Whitby Museum has an extensive photographic collection based on some 17,000 glass-plate and film negatives dating back to the 1860s. We have an increasing number of photographic prints, and around 10,000 slides, ranging from glass lantern slides to the positive transparencies of the later 20th century. We are gradually acquiring digital photographs especially of objects, engravings and paintings that are in the museum collections.
The museum holds the work of well-known local photographers: Frank Meadow Sutcliffe, Tom Watson, Hugh Lambert-Smith, the Doran Brothers, John Tindale, and our recent curator Des Sythes, among others. You can learn more through two books of images, both chosen and collated by the late Des Sythes: Around Whitby, and Whitby – the Second Selection. Further sources of learning are CDs and DVDs; hard copies of images; texts on fishing, farming, and the seaside through history. All resources are available for purchase.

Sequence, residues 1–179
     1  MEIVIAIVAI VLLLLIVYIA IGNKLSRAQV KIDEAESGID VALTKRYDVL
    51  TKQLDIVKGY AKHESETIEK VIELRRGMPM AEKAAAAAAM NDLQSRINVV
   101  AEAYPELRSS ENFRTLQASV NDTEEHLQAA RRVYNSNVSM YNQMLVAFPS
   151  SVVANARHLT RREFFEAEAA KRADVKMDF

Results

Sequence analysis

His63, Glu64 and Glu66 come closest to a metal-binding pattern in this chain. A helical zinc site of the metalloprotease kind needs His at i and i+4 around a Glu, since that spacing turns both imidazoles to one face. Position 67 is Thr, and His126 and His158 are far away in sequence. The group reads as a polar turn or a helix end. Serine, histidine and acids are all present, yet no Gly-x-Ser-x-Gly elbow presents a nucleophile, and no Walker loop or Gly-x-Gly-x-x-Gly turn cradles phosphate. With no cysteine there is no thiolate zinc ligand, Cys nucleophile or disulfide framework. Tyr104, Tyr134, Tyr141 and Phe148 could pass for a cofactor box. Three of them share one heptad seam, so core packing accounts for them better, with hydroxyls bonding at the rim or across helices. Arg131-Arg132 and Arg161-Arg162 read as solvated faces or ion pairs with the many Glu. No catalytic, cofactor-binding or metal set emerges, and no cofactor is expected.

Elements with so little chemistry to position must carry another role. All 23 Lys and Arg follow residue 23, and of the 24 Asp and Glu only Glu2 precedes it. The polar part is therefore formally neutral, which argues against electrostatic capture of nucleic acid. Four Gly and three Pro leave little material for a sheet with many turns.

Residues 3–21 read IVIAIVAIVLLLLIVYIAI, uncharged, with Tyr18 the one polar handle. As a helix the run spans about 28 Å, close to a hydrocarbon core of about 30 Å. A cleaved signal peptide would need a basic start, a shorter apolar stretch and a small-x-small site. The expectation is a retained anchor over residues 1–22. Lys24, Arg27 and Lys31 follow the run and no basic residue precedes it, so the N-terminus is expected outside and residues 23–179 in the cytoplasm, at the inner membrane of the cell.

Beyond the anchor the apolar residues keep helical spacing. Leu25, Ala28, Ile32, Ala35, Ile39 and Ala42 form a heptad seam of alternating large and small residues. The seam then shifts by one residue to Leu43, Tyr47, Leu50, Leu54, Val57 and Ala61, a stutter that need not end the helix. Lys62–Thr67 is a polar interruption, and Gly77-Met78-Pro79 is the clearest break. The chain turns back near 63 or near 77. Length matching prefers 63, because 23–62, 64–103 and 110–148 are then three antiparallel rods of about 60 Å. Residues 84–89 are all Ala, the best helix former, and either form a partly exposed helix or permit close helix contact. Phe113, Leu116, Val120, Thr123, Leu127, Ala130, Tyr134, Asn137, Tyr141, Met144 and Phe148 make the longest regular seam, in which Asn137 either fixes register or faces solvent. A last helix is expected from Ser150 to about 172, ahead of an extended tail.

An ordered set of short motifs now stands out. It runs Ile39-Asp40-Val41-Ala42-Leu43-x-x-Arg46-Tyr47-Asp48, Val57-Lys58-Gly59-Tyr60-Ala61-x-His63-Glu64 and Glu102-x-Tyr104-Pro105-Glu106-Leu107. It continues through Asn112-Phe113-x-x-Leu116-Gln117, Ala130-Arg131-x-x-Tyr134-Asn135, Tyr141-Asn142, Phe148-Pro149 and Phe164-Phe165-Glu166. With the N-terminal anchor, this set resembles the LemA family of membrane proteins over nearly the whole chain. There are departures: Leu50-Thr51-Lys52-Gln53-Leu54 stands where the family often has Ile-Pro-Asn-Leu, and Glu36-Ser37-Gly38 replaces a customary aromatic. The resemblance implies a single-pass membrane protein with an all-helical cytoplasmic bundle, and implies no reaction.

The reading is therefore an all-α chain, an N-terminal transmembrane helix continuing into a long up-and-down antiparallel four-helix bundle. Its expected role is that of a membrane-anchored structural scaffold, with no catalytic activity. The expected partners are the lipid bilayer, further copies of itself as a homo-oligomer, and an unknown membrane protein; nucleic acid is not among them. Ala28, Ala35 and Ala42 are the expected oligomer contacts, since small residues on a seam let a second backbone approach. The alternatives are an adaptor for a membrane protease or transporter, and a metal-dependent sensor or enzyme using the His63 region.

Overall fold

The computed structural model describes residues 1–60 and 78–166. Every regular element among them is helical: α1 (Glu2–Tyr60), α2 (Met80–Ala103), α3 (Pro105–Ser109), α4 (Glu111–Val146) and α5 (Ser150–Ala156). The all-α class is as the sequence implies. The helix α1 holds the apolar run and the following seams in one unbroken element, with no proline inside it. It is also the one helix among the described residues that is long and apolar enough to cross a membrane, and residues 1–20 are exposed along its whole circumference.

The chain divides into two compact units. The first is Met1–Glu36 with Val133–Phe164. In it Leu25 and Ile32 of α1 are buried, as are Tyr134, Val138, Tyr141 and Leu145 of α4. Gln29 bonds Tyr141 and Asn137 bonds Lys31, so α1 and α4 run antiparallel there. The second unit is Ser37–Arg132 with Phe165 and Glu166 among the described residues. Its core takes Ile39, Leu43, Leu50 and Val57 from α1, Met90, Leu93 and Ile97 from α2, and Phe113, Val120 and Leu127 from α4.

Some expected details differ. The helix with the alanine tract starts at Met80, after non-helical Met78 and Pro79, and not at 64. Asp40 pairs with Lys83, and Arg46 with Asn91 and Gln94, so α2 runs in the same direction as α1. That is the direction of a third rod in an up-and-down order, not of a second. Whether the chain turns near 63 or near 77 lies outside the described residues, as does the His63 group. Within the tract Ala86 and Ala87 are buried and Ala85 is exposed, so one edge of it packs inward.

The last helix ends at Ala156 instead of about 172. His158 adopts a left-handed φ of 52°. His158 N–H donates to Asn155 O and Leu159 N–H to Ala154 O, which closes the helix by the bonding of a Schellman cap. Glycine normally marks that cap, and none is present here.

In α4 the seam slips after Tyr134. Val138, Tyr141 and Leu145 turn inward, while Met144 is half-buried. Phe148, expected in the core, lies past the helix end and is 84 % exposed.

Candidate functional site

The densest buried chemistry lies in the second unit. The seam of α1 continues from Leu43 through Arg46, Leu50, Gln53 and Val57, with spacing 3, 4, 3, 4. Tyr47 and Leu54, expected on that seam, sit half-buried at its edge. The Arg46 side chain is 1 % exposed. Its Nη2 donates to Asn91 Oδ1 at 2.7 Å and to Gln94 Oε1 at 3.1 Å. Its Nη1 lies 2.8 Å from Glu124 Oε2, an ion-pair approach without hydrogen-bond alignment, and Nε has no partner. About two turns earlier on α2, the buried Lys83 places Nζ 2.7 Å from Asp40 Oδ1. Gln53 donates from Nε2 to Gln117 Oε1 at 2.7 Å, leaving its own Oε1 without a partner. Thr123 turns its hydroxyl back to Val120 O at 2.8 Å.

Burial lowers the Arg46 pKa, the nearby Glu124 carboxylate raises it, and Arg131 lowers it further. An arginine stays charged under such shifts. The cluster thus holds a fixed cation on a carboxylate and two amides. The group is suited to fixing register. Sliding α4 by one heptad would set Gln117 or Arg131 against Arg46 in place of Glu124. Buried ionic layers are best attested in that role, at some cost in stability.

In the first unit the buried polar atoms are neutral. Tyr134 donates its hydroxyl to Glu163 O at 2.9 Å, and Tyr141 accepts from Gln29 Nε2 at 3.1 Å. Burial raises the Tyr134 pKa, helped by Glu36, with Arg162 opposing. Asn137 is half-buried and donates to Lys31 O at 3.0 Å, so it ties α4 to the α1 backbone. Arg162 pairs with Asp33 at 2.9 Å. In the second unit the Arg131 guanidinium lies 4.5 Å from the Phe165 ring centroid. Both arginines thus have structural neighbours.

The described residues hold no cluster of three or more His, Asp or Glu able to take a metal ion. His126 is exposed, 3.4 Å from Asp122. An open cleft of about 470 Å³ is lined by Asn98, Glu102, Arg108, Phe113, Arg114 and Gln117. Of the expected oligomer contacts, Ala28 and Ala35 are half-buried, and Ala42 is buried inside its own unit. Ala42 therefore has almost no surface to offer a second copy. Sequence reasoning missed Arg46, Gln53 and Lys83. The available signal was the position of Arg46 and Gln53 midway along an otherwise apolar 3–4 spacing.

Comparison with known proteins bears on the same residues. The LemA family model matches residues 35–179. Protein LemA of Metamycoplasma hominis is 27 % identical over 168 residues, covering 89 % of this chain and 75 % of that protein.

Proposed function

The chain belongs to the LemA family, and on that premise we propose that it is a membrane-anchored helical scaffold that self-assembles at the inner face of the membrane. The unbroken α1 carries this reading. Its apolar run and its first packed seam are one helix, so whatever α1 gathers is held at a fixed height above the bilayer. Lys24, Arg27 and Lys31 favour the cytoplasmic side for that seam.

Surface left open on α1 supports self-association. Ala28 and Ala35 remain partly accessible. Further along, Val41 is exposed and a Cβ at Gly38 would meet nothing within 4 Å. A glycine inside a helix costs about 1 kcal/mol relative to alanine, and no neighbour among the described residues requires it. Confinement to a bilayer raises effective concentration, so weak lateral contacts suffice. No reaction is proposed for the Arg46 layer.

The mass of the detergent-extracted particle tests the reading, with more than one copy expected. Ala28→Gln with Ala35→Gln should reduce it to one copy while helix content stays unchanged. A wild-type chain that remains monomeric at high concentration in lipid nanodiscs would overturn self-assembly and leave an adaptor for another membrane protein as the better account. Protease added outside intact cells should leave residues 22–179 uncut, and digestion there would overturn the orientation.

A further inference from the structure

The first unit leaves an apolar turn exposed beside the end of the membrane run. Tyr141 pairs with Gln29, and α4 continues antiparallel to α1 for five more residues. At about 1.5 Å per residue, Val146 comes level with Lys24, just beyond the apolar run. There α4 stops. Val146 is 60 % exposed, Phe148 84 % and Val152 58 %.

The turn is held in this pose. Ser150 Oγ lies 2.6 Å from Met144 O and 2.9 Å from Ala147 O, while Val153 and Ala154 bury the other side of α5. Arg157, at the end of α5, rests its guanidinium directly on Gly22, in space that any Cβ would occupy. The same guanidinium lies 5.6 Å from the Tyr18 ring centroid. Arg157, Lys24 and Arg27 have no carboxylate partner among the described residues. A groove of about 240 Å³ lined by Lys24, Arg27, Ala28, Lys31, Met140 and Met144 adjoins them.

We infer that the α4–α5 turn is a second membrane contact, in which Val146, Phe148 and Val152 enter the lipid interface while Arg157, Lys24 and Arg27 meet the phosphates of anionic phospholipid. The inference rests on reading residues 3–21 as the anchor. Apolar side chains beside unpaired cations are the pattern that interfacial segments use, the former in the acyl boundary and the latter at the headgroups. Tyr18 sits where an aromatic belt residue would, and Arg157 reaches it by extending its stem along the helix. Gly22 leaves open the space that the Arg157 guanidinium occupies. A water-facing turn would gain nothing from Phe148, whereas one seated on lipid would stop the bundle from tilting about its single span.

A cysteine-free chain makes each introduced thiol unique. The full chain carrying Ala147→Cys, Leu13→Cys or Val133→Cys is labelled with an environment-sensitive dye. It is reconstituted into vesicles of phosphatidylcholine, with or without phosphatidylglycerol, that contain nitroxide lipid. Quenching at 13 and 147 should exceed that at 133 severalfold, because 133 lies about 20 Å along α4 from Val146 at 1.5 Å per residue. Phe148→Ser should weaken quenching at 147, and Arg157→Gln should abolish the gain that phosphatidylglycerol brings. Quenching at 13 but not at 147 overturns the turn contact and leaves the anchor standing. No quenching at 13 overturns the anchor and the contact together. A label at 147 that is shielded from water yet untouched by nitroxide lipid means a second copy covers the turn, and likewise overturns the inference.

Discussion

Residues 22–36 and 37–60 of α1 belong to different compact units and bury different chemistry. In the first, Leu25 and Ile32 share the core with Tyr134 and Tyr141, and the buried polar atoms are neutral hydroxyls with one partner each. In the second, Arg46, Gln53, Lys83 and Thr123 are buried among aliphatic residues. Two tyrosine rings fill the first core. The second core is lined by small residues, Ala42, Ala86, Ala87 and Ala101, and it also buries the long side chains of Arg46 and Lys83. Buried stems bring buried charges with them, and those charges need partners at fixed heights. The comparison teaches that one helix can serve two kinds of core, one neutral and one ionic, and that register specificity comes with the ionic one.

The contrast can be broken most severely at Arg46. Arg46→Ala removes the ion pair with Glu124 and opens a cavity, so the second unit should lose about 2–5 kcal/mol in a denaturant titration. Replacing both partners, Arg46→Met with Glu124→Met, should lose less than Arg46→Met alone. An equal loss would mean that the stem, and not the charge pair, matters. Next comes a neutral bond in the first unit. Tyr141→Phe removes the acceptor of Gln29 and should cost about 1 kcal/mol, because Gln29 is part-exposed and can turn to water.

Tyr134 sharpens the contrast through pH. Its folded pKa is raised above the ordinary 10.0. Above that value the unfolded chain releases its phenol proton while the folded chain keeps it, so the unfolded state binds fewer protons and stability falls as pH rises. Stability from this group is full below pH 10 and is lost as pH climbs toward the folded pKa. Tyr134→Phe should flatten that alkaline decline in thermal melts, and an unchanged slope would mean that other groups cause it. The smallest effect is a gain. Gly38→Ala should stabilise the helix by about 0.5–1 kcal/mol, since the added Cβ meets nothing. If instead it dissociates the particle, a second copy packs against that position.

The museum’s temporary exhibition programme has included photographic displays titled: The Shops and Streets of Whitby, Fishing, Local Villages, Wreck and Rescue, The Many Faces of Whitby, Now and Then and John Tindale: A Vision of Whitby. We are currently undertaking a long-term programme of digitising the negative stock for ease of reproduction and as a back-up to the originals. Our photographic collections are available to the public (by prior arrangement) and researchers as well as members of the Society.
Included in this collection
Frank Meadow Sutcliffe (1853-1941)